Amid more opposition Union members support Q Arena plan

This rendering of the proposed Quicken Loans Arena renovation shows what the upgraded arena would look like if the controversial plan is approved.

Amid a growing controversy between African American clergy and community leaders, the powerful 14,000 Cleveland Building & Construction Trades Council – which has members in 17 unions held a press conference to announce their support for Quicken Loans Arena plan on Monday Feb. 20.

They say the $160 million in tax dollars renovation to expand 23-year old Quicken Loans Arena will bring jobs to local laborers and therefore are backing the plan.

"We own the project so we should fund it," said Dave Wondolowski, executive secretary of the organization. "From our perspective this is first and foremost about jobs for our members, but more importantly it's about keeping the ball rolling in Cleveland, keeping our foot on the pedal and continuing growth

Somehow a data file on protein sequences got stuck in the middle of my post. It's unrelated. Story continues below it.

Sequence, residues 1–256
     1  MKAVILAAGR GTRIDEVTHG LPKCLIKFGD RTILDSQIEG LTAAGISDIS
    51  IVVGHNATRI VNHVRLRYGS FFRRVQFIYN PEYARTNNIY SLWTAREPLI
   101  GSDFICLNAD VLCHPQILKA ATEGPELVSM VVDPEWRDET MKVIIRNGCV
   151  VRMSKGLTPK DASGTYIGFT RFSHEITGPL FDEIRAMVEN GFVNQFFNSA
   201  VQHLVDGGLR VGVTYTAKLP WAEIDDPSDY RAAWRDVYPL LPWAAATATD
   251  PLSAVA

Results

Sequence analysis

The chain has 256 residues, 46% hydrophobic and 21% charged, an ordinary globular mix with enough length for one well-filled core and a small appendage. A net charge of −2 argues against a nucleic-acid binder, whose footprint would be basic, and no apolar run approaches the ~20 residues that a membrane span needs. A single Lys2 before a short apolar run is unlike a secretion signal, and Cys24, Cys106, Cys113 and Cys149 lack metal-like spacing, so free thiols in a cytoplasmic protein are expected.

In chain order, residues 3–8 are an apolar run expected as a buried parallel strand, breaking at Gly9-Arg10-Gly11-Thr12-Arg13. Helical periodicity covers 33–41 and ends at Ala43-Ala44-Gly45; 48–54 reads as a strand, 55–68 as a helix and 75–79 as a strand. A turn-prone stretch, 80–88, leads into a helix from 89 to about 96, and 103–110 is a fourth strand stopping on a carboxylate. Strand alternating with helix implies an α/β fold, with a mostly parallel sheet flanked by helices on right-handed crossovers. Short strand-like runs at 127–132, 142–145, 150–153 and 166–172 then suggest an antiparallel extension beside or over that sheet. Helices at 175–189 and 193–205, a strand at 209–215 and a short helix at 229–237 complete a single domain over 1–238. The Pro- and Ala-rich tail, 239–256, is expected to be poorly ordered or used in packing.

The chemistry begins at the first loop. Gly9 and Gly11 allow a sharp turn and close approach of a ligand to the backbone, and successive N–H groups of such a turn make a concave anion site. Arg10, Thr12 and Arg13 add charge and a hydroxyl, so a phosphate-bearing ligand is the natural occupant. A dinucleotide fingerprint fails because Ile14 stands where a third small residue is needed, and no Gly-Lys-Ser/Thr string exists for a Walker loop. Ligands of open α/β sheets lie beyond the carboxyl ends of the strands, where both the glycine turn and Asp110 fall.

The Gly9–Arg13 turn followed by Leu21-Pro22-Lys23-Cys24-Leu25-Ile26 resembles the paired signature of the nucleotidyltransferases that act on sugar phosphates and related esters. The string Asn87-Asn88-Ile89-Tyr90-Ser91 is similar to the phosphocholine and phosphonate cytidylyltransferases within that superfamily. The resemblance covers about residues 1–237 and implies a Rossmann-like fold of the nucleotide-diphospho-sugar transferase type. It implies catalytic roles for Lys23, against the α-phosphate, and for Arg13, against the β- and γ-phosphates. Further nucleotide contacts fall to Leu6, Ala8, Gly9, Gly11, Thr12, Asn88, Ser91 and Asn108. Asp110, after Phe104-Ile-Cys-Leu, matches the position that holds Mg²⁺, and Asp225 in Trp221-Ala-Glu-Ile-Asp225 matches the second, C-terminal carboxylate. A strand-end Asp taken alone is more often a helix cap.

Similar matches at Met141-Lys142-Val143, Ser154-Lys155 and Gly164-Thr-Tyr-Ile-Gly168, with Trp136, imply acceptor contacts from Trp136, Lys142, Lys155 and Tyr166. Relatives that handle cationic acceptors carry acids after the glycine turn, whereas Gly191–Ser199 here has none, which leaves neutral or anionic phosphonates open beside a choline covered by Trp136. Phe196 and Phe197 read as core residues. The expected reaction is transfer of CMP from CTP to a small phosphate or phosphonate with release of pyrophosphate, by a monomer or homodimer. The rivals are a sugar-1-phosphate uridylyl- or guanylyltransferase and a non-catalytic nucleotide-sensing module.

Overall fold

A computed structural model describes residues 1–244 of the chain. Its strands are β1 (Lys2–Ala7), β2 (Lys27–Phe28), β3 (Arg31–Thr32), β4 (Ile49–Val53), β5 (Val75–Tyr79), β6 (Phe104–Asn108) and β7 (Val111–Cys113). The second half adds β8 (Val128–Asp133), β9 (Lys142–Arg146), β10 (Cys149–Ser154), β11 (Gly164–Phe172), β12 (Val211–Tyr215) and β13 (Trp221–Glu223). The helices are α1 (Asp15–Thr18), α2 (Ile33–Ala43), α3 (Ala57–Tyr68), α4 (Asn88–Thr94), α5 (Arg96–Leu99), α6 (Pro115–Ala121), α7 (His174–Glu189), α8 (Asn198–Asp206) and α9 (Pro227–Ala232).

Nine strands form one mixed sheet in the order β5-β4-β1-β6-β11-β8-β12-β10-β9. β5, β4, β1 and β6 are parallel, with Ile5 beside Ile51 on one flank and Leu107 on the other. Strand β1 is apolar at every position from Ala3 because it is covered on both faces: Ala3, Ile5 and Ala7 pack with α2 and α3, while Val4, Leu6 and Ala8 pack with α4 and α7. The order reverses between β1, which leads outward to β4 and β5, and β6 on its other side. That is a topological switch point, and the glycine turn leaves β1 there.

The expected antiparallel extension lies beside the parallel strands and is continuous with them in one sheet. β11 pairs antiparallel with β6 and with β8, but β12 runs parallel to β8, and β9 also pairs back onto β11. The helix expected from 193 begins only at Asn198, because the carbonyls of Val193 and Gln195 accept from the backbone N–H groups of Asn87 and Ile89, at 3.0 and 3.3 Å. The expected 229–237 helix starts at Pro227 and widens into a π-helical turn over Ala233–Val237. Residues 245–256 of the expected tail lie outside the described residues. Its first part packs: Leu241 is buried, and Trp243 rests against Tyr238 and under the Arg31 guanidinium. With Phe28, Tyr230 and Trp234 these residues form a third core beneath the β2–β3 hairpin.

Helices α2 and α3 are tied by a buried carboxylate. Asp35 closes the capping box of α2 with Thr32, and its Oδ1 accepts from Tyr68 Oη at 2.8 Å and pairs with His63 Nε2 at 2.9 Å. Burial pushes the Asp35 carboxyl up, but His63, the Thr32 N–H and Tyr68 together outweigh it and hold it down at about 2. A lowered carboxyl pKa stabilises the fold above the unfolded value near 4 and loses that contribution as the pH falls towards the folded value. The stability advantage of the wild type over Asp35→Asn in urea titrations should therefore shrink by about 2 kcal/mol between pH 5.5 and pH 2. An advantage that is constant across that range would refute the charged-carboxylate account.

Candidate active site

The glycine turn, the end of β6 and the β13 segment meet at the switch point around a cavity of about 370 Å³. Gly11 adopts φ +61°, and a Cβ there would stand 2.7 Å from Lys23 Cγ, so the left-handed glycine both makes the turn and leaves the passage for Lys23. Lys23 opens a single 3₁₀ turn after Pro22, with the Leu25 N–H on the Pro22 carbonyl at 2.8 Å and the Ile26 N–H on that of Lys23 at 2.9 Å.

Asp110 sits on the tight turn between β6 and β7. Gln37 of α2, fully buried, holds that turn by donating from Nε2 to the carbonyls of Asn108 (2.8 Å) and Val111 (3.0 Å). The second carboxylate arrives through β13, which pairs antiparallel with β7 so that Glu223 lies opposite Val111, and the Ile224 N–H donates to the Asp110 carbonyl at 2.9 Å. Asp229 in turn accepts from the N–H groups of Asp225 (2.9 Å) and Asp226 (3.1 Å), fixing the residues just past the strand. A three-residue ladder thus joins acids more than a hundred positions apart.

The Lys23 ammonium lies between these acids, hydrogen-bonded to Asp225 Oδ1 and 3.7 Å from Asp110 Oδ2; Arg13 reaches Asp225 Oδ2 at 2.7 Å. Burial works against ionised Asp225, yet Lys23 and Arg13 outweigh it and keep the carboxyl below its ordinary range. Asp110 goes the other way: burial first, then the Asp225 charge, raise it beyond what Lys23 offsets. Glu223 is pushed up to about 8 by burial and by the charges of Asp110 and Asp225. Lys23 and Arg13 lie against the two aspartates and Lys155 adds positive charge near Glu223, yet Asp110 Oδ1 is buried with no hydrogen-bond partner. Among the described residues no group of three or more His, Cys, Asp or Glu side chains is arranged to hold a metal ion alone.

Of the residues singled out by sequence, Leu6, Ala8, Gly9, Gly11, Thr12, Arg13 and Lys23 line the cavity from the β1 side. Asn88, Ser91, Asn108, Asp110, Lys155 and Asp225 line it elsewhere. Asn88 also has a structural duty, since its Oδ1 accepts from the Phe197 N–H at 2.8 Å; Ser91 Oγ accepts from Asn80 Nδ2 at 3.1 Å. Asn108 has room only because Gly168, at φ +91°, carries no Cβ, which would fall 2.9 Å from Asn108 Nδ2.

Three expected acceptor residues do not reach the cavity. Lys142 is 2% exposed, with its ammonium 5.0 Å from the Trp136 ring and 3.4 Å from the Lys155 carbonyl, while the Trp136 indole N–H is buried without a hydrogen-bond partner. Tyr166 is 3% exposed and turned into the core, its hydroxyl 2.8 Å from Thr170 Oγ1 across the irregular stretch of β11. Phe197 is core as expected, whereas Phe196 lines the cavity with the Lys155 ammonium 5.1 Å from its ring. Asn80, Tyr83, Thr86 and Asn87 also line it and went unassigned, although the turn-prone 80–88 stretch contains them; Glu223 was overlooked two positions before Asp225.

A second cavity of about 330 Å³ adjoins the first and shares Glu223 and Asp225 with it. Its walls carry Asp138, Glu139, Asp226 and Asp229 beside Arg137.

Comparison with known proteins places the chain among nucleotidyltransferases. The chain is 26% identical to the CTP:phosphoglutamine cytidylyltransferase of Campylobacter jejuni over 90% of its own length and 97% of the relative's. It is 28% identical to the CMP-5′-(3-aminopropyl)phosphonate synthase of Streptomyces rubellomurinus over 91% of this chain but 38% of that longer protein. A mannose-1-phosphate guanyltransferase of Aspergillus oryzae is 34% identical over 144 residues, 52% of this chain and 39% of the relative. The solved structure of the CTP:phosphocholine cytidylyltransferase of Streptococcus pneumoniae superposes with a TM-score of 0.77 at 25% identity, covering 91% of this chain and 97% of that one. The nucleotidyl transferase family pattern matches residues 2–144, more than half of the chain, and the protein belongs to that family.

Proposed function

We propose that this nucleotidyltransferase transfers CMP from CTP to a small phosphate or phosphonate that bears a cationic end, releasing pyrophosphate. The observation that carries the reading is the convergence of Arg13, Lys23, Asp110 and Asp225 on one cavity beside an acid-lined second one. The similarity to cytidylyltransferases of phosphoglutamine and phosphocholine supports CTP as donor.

The Cleveland Cavaliers want to upgrade the fan experience at the Q, with work that would cost $282 million over 18 years. The Cavs would pay $122 million through increased rent.

Cuyahoga County, the City of Cleveland and Destination Cleveland would all chip in for the public portion.

Meanwhile the growing opposition to the Q Arena deal has grew to include the organization Greater Cleveland Congregations (GCC) headed by Reverend Dr. Jawanza Karriem Colvin, member of the GCC Strategy team and pastor of Olivet Institutional Baptist Church.

The GCC is opposed to the deal as presently constituted and vow that there is a clear sign that there will not be business as usual in Cleveland this year.

GCC, activist organizations, residents of some of Cleveland’s poorest neighborhoods, and now the father of Alianna DeFreeze, the murdered 14 year- old girl whose body was found in a vacant house in Cleveland, oppose an agreement that only supports increased downtown development without equivalent investment in our neighborhoods, it said in a statement.